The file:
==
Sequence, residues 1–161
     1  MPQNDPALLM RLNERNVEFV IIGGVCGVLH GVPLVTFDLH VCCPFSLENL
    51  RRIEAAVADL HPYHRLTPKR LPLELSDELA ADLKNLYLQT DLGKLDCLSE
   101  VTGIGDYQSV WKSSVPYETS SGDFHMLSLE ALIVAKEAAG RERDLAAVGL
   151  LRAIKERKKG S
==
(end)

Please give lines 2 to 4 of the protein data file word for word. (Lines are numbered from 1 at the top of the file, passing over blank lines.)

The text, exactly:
     1  MPQNDPALLM RLNERNVEFV IIGGVCGVLH GVPLVTFDLH VCCPFSLENL
    51  RRIEAAVADL HPYHRLTPKR LPLELSDELA ADLKNLYLQT DLGKLDCLSE
   101  VTGIGDYQSV WKSSVPYETS SGDFHMLSLE ALIVAKEAAG RERDLAAVGL